Sunday, September 4, 2011

Overpopulation is Pakistan's worst enemy

By: Shaukat Malik

Every child born through nature’s miracle whether planned or unplanned has certain inherent and inalienable rights. It is not the child’s fault that his parent’s cannot provide for him. Invariably he will end up in a Madrasah and become a target for those who make their living from the evil of terrorism or exploitation of the vulnerable.

Pakistan cannot regain its economic footing without controlling population growth. On average a Pakistani women has four children. This is much higher than Iran at 1.8 and Bangladesh at 2.4 children per woman. If this is not stopped, Pakistan’s population will expand from today’s 180 Million, not counting Afghan refugees to 335 million by 2050—that is more people than the United States squeezed into a country not much larger than Texas.

Pakistan has more children under the age of 14 than the United States. This presents a serious infrastructure challenge to a poor country.

Girls get married at the average age of 14 and illiterate mothers-in-law demand a baby boy. A woman producing girls only is threatened with divorce and will keep trying for a boy. Illiterate women cannot access family planning programs, and birth control is equated to committing a sin and refusing God’s gift of life. Women who wish to have fewer children do not have access to birth control devices and are forced into unwanted pregnancies.

Educated girls will have fewer children but girl education is restricted by social and cultural factors like transportation, male teachers, and objections of male members of the family.

Fear of rabid religious extremists prevents political leadership from addressing the issue of family planning/birth control. Like pigeons close their eyes hoping that the predator will go away, Pakistan’s leadership is afraid to confront the family planning issue for fear of upsetting the pious population that votes for them.

Pakistan’s leadership has been advised to stay away from anything to do with family planning/birth control. Illiterate clerics whose counsel is sought by a large number of Pakistanis in the rural areas consider birth control a sin. According to these clerics, practicing birth control is tantamount to denying God’s gift of life and a terrible sin. They firmly believe that God will provide for every child that is born.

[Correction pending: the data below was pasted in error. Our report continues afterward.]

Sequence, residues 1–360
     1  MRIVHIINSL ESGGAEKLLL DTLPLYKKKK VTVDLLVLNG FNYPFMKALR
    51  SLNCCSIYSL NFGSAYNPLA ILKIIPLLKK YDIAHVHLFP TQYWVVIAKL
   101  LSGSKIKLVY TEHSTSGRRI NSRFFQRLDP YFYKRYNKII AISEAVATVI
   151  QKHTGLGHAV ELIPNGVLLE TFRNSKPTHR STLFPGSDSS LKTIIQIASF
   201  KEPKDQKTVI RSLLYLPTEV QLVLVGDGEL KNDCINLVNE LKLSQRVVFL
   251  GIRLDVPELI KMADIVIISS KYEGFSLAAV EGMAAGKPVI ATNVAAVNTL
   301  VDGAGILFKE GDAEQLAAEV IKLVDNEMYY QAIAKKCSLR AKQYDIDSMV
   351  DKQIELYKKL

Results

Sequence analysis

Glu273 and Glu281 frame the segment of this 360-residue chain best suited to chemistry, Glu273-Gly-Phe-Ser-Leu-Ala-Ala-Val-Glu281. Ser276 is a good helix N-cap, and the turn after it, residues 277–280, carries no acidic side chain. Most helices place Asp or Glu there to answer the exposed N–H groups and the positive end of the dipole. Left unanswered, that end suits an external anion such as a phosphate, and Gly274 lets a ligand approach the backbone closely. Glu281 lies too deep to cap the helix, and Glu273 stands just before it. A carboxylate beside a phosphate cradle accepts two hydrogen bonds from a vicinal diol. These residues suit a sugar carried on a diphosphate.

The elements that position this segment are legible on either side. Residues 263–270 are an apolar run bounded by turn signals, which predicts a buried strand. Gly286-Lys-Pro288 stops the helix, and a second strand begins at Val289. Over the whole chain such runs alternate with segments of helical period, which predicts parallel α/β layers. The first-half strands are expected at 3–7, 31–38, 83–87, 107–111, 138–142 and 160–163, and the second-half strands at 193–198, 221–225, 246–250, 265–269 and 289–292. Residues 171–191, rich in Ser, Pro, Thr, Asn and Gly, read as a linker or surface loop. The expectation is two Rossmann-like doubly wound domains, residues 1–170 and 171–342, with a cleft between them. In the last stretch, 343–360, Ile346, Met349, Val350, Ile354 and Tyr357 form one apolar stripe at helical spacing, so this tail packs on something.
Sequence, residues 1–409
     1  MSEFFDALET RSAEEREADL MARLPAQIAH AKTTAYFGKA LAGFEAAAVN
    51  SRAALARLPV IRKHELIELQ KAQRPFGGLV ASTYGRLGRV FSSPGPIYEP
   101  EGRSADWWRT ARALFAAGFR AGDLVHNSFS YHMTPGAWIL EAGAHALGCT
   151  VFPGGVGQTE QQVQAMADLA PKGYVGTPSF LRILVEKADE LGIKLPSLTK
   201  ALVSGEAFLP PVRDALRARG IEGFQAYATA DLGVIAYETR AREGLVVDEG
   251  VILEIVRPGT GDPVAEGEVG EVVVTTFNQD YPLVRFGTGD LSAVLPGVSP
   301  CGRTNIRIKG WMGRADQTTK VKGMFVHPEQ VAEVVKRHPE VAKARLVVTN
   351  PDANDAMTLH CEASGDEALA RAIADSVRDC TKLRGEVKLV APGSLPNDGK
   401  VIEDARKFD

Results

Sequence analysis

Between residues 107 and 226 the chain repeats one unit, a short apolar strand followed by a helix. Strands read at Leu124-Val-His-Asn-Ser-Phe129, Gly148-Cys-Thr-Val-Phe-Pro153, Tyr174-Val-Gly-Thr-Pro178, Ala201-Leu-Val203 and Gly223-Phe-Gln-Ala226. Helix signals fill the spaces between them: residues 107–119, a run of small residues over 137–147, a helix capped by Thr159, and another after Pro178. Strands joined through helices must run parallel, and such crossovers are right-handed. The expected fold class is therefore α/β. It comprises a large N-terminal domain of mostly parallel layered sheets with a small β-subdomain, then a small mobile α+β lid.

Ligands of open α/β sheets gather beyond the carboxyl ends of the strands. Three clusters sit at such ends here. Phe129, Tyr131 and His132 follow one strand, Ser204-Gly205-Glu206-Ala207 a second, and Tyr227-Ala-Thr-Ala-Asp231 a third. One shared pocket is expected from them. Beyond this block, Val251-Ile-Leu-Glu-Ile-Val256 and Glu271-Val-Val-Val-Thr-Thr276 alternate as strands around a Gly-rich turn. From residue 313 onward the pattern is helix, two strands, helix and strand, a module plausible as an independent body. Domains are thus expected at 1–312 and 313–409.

Yes. God provides but, God has given us a brain for thinking and planning the size of our family. In nature we have a predator vs. prey order to take care of the excess population; in Pakistan the Madrasah steps in and creates Monsters out of these unplanned children abandoned by their poor parents.

The environmental and social footprint of high birth rates is scary. Pakistan’s population is multiplying at an alarming rate. A poor man would rather spend five rupees on loaf bread than on birth control.

The Muslim world has introduced God’s will into the size of a family. Although there is no prohibition in the Quran on birth control, its practice is considered a sin. The clerics in an effort to support polygamy and the large number of children resulting from multiple marriages have used out of context verses in the holy Quran to campaign against family planning.

Nature is cruel and we must learn from its messages. A mother of six children awakened by a sudden flood –the recent floods in Pakistan are a case in point-- might be able to save two of her children but may have a tough time saving the rest.